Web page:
I built a 90K following in a year and it changed my game completely! This is how I did it.
CEO & Founder
8 min read
I know. For some of you, this advice is worn.
Whenever I give it, I feel people rolling their eyes - they're tired of hearing how you should build an audience.
But there's a reason that you get this advice over and over: It's because it works.
Do you strictly need a huge following to launch a successful product?
No, you don't. But most likely, you're then dependent on people that have.
To me, it changed my game entirely!
My first SaaS Product - failure!
I started building my very first SaaS Product in February 2020. I made a lot of mistakes, but the biggest one was underestimating the value of having an audience.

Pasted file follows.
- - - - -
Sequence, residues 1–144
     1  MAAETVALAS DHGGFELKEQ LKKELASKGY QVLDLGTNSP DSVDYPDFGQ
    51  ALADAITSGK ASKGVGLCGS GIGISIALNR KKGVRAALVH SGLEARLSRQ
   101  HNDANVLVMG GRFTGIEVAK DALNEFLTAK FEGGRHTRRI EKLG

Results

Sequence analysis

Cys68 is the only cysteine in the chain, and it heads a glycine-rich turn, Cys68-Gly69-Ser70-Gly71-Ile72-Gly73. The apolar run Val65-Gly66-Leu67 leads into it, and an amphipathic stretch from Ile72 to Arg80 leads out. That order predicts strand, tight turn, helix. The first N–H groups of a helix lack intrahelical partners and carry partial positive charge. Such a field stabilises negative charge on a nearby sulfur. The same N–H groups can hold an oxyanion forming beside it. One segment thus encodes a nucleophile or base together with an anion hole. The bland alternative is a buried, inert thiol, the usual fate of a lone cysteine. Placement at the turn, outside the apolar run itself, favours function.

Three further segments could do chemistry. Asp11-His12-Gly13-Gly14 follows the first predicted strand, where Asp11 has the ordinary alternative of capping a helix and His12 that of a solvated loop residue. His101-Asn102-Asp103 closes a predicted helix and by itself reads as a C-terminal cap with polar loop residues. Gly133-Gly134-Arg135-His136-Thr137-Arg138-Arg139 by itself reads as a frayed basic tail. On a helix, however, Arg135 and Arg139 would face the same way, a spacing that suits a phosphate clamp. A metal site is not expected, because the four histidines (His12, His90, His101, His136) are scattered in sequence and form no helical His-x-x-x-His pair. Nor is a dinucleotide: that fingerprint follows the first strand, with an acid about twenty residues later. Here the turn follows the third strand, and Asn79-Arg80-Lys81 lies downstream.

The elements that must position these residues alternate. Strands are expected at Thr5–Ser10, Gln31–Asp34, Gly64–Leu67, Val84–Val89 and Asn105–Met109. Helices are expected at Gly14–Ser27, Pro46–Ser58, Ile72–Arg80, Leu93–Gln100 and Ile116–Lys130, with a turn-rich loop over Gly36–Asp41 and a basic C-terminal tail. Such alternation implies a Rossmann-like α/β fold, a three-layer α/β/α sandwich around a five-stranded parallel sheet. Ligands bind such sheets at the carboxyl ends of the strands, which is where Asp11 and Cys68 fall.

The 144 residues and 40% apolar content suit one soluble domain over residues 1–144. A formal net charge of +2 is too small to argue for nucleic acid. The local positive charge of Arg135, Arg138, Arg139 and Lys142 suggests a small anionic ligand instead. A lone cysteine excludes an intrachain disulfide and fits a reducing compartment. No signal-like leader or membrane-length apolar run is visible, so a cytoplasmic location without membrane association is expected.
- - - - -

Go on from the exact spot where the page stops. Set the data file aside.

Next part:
At this point, I had around 250 followers on Twitter and barely used LinkedIn.
I launched it in June 2020 - and no one cared. It got close to 0 traction and I had to almost drag users into the platform by force.
It was the book "Rework" that made it clear to me, how important a dedicated audience is. So I decided to build one! I stopped everything else and made it my primary goal to grow a dedicated following as fast as possible. At the time of writing this post, around a year after, I have 65K followers on Twitter, 15K on LinkedIn, 3.5K on Instagram, and 6K subscribers on YouTube.
My second SaaS Product - success!
Then I started building FeedHive
This time, it was different. I had 32K followers at the time, and the tweets got almost 3K likes in total and a lot of comments!